Learn more inside…

{ 34 comments }

use light & lighting to add dramatic impact to your portraits

Simplifying your composition is generally a really good way to add impact to your photos – remove visual clutter, and draw the viewer’s eye to what’s essential. But there’s a converse challenge to this – when you have a location that isn’t necessarily that interesting , how do you add more impact? Light and Lighting is an obvious way to do this.

Create impact and drama in how you add light to the scene, and light your subjects. A recent article discussed this in relation to off-camera flash: using off-camera flash for that extra bit of drama.

For the romantic wedding portraits of Grace and Joseph, we were landlocked to a few rooms inside the venue because of the snow storm outside. Then it becomes a challenge to come up with ideas and use nooks and crannies, and make it all count! For the image at the top, we were in the room where they serve pre-dinner cocktail snacks and drinks. Nothing much there. But I came up with the idea of having Joseph sit on this table against this wall, and then adding Grace.

Posing tip: In terms of posing a couple, it is nearly always easier to start with one person, and then adding the other. Use the first person to anchor the pose. And I usually physically show them where to sit or stand or lean when I pose someone.

The pose works, now we just had to add dramatic light. Bounce flash would’ve flattened out everyone. Well lit, but too evenly lit. Off-camera flash with a gridded soft box would’ve worked like a charm as well – but as I most often do with the romantic portraits of a couple, I went with video light. This time around, I had more toys to play with, thanks to Ryan, the other photographer shooting alongside me, who had brought his video lights along as well.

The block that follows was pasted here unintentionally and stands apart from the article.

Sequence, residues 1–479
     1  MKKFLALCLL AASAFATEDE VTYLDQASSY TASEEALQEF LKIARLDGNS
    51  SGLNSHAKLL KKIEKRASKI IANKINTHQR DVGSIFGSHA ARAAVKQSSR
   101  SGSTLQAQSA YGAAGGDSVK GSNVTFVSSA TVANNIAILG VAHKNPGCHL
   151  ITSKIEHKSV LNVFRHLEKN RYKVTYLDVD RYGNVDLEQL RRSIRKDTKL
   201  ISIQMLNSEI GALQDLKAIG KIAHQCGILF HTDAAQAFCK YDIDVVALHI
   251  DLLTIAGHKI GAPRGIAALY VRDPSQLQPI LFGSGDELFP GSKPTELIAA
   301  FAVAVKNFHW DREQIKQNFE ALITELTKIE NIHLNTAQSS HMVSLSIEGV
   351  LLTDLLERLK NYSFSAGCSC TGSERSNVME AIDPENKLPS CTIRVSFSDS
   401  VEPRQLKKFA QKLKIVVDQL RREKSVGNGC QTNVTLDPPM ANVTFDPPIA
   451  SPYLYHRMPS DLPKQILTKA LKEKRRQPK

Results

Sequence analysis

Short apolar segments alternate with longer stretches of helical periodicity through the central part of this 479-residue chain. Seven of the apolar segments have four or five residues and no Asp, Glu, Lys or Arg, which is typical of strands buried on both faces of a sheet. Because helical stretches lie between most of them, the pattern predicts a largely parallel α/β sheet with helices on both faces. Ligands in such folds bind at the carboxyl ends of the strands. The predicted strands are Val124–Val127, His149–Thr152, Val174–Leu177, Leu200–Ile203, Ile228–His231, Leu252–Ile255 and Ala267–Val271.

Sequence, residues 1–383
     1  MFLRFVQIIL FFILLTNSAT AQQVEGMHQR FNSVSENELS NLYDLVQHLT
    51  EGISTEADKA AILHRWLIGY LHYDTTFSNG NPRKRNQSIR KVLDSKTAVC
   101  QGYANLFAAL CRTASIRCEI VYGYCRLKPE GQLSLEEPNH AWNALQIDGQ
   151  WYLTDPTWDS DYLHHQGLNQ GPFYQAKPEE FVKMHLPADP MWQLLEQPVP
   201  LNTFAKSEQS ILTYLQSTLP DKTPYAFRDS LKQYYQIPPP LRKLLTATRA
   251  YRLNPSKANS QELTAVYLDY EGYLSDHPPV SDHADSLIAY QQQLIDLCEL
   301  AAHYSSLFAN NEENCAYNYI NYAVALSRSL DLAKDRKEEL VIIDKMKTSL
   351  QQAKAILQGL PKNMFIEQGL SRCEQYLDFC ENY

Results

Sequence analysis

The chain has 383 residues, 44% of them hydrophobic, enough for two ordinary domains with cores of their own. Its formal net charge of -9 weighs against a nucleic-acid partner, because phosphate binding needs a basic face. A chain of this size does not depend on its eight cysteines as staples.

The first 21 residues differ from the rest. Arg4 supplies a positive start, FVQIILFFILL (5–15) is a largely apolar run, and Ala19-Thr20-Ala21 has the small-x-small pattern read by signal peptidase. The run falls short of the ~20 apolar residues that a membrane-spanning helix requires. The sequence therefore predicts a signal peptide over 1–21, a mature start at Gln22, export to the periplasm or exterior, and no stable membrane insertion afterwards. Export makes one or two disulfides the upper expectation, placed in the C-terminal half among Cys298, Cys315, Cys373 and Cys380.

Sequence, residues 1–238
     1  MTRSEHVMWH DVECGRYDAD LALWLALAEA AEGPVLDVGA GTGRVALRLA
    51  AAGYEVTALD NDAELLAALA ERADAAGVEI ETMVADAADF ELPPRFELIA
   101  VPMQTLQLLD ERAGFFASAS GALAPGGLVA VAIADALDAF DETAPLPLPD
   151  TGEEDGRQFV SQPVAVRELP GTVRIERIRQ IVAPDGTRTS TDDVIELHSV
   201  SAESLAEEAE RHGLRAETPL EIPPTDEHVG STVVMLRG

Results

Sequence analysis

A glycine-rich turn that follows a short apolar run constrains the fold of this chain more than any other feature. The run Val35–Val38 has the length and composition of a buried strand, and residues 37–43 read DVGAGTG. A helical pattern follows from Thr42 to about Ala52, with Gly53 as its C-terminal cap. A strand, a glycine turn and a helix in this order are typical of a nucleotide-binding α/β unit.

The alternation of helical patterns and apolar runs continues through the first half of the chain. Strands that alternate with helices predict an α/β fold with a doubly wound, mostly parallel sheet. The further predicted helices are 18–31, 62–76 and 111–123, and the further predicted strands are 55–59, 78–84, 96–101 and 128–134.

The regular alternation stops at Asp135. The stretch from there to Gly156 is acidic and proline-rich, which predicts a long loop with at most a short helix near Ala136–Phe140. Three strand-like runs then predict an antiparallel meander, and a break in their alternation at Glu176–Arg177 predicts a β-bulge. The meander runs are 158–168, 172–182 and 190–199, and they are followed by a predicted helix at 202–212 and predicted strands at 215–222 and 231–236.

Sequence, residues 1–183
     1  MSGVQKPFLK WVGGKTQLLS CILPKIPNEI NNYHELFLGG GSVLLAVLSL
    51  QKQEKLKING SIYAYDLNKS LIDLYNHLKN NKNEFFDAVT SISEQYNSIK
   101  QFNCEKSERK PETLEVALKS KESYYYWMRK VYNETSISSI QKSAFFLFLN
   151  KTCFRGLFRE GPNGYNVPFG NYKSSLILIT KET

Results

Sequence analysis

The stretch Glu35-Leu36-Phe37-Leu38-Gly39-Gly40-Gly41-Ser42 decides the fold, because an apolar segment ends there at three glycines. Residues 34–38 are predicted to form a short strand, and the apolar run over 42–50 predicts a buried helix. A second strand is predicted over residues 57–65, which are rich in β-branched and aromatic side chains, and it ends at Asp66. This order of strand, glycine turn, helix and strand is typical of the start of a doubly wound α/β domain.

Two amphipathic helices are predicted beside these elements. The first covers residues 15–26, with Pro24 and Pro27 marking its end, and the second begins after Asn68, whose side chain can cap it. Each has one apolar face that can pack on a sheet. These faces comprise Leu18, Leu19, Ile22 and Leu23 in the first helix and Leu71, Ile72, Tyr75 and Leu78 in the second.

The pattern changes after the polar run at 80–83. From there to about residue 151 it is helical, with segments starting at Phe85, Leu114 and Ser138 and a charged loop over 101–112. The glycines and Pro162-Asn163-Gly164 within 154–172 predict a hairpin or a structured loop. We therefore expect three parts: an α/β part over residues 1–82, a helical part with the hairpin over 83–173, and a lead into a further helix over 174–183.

Learn more inside…

{ 22 comments }

headshot photography in the studio

Mike is an actor / musician friend of mine, who also works with the Modern Gypsies at times. We recently updated his headshots with a session in and around the studio. As a working actor in New York, he has appeared on stage, as well as some spots on television. Amusingly enough, while shooting outside the studio against the warehouse building’s facade facing the main street, a young boy, walking past us with his mom, turned around and asked Mike, “Are you famous?” Of course we couldn’t disappoint the kid.

Being a character actor, and shooting with that in mind, we took many photos where the expressions were quite goofy and strange. But I’ll leave that up to Mike to show to the world. Someday perhaps. Here’s a small selection of headshots of him, where we show some of the character and expression. That’s actor Mike. For raconteur Mike, you’d just have to meet him in person.

Learn more inside…

{ 11 comments }

going for that classic look in a photo – lighting & posing  (model: Elizabeth)